…As it turns out, workaholics are the least-efficient workers. If you’re working a 12-hour day, then you don’t have to be efficient. You’ve got all day—or all night if necessary—to get your work accomplished. With no sense of urgency, you’re free to fritter your time away on office pools, Internet “research” and Facebook.
Learn how to become a more productive worker—and get out of the busy trap—on OPEN Forum.
The Worst Parts of Being an Entrepreneur Nobody Talks About
1. Depression. Whether you’re talking about feeling a little blue or having a full-on, nonfunctional episode, it’s not uncommon for entrepreneurs to suffer from depression.
2. Personal sacrifice. Entrepreneurs can sometimes focus on work to the exclusion of things—relationships with a spouse or with children—that will matter more in hindsight.
3. Unhealthy habits. There’s never enough time in a day to accomplish everything, and entrepreneurs often prioritize work over things like exercise, taking the time to eat properly and getting enough sleep.
For three more downsides of being an entrepreneur—and helpful tips on how to address them—visit OPEN Forum.
Branding is not something small-business owners can ignore. “We are CEOs of our own companies: Me Inc. To be in business today, our most important job is to be head marketer for the brand called You,” wrote management consultant Tom Peters in Fast Company. So where does one start in their goal of promoting Brand You?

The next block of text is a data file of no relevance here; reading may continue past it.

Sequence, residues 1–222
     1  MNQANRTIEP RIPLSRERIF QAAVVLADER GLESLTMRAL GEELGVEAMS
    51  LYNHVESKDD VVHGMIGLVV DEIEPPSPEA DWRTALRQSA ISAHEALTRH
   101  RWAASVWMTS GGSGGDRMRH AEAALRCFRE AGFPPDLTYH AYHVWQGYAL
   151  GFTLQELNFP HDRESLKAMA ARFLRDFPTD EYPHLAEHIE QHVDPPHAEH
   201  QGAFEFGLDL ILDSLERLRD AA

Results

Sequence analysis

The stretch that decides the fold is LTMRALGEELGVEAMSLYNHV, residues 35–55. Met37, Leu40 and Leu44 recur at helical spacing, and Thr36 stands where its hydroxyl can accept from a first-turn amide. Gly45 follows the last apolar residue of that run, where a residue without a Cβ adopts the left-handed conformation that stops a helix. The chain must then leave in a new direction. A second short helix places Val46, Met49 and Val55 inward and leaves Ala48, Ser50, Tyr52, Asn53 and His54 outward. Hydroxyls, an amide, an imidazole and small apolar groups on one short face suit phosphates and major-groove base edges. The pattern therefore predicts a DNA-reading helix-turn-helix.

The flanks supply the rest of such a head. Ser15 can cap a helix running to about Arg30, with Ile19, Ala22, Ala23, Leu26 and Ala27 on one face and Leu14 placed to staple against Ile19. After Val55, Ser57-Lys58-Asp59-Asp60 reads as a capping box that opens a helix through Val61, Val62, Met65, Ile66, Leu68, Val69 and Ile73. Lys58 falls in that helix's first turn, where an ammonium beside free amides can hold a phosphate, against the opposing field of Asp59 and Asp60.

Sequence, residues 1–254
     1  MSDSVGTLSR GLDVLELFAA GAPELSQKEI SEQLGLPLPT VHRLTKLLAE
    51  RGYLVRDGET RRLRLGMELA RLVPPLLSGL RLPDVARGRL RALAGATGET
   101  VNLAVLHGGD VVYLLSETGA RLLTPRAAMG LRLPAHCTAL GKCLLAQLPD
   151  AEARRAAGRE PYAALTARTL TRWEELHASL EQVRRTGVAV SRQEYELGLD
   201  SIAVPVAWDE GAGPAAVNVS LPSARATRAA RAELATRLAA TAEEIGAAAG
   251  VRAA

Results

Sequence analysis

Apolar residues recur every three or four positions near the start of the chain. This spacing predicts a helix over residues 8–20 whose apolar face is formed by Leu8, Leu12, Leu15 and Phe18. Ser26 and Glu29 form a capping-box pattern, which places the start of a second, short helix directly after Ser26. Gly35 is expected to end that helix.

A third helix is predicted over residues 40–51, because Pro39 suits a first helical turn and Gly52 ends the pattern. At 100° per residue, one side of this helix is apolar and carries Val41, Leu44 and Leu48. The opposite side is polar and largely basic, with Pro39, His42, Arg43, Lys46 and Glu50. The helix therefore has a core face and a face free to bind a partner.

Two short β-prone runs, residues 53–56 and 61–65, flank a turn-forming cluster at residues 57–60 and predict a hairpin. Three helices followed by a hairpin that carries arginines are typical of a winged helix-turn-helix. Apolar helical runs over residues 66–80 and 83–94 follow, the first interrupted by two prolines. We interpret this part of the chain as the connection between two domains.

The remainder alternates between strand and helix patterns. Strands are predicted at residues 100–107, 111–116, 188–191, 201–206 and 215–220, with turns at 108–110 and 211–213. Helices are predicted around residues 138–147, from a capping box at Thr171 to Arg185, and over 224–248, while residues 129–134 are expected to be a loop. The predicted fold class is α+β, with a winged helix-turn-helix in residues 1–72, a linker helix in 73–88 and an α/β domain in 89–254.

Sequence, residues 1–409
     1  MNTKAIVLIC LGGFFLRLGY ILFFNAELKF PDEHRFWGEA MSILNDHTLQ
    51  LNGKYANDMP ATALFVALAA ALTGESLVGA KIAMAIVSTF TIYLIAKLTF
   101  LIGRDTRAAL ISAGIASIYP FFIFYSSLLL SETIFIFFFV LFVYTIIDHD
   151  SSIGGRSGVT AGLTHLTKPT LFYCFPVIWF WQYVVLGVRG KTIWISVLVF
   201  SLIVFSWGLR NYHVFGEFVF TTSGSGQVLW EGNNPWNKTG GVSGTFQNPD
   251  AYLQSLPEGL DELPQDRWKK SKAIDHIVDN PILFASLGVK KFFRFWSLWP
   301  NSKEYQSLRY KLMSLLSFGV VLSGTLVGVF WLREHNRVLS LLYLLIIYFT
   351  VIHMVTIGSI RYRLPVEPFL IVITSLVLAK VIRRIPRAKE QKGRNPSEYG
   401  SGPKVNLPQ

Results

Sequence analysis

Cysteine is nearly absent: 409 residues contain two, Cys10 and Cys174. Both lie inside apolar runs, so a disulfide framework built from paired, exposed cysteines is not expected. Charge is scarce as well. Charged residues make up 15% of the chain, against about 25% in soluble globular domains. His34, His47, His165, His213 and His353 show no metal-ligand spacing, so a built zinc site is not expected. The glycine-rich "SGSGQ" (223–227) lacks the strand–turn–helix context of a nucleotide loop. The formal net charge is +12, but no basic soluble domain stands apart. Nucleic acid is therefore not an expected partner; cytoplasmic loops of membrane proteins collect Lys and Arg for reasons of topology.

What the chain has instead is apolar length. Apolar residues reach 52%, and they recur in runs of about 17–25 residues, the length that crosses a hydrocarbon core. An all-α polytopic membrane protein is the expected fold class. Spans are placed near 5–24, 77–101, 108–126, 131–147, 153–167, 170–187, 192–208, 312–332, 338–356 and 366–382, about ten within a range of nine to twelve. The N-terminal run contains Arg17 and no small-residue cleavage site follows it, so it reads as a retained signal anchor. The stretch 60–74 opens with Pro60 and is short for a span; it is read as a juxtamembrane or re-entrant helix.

Motivating your team through fear and praise isn’t doing you any favors—those two actually rank pretty low on a recent CEO.com survey. What employees are really looking for is a CEO who can articulate the company’s vision in “their directives and interactions,” and who can incentivize said vision. Not sure how you can do that?
Like everything else, word-of-mouth, the way business owners traditionally get new customers, has gone digital with online reviews. Getting reviews of your products from bloggers is a great way to get word about your product out to the masses. But before you start reaching out, keep these nine things in mind:
Do your homework to locate influential bloggers and reviewers in your product category.
Decide on your goals for the review
Provide all necessary information
Be cooperative and accommodating
Be generous with product samples
Ensure that the product is a good match with the blog.
Know that bloggers occasionally request payment in exchange for reviews.
Remember to thank reviewers for their reviews.
If you get a bad review, don’t defend yourself and your product.